The speakers for the Jan. 31 event were Jessica Duby, owner and operator of Blonde’s Bottle Service, LLC; and Elizabeth Williams, director of development for the United Way of Genesee County.

Duby, a former downtown Flint bartender, said her business is a mobile bar which can be hired for weddings, parties and other events in this area, around Michigan and even outside the state.

Jessica Duby, owner and operator of Blonde’s Bottle Service, LLC.

Jessica Duby, owner and operator of Blonde’s Bottle Service, LLC.

When asked to be a speaker at the luncheon, she said she asked herself what she had to say to a group of other professional women.

“What’s my journey,” Duby said. “What kind of advice can I offer. I have two things. One is trusting your journey…the other is knowing your strengths and actually diving into them and understanding why you are naturally good at what you do.”

She said her journey began working as a bartender while going to the University of Michigan-Flint to become an elementary teacher.

When she finally graduated and went to work as an educator, Duby said the reality then set in.

“I was making more money part-time at the bar than I was as an educator,” she said. “So, that was my initial heartbreak.”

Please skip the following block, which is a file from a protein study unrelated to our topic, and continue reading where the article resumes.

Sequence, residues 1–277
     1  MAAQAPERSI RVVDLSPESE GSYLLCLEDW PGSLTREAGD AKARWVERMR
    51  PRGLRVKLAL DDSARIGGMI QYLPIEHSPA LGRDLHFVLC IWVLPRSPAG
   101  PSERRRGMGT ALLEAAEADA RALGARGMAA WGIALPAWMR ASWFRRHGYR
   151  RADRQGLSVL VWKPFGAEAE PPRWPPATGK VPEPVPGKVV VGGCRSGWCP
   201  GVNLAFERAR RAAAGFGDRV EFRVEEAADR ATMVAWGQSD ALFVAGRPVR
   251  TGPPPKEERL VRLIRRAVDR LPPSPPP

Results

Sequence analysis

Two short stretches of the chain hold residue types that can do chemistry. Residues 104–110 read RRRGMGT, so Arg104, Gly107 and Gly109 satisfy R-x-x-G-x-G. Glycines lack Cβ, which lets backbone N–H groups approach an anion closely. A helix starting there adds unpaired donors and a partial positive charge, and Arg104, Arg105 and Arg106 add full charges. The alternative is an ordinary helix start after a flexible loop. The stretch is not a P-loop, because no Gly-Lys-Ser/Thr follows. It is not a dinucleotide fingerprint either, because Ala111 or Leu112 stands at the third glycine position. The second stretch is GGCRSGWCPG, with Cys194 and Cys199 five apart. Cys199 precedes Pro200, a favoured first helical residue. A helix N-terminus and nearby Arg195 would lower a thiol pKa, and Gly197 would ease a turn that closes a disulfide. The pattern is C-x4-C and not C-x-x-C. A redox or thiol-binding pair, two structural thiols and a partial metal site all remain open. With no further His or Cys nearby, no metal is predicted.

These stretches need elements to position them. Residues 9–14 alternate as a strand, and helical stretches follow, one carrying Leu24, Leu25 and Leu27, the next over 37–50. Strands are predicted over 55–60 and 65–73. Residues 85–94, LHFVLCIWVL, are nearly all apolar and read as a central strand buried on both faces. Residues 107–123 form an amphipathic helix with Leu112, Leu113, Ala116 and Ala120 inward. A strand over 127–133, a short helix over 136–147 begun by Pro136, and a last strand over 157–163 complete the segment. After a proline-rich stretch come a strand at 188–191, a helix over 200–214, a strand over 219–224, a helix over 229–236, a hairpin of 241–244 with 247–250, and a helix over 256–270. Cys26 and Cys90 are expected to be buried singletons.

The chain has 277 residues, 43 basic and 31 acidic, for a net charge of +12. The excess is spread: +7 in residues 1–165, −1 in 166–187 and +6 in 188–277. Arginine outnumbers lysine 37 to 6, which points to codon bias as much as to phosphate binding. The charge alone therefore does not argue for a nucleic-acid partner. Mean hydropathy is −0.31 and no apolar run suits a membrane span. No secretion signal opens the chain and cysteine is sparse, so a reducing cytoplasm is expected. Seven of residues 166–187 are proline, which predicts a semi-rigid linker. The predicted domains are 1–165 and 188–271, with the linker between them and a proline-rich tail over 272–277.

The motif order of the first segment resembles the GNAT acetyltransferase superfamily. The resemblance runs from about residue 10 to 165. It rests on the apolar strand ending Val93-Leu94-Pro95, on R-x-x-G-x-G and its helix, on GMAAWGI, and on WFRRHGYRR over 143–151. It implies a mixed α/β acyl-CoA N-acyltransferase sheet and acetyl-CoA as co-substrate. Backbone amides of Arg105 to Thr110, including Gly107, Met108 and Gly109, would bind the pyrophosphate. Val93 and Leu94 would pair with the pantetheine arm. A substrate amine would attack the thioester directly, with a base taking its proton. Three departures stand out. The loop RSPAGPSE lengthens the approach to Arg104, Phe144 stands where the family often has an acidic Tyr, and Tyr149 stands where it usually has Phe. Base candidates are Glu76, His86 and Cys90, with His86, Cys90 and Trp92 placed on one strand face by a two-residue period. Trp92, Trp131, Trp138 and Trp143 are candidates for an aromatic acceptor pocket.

With that realization Duby said she came up with a different plan. With the connections and relationships she had made bartending downtown she found other side bartending gigs while she was working as a teacher.

She was eventually offered and accepted a position as lead bartender for events at the Flint Farmers Market which, combined with teaching, gave her the means to continue pursuing her dream of being an educator.

When COVID-19 hit, all those events were suspended, Duby said, adding for her it was then back to the drawing board.

Because people were still able to gather in small groups during the pandemic, she said she was able to get outdoor bartending jobs.

Working at these small gatherings made Duby decide she wanted to remain in control of her journey and where it was going, rather than working for someone else.

Duby said Blonde’s Bottle Service was born during the pandemic and the company explored ways to expand its mobile bartending service.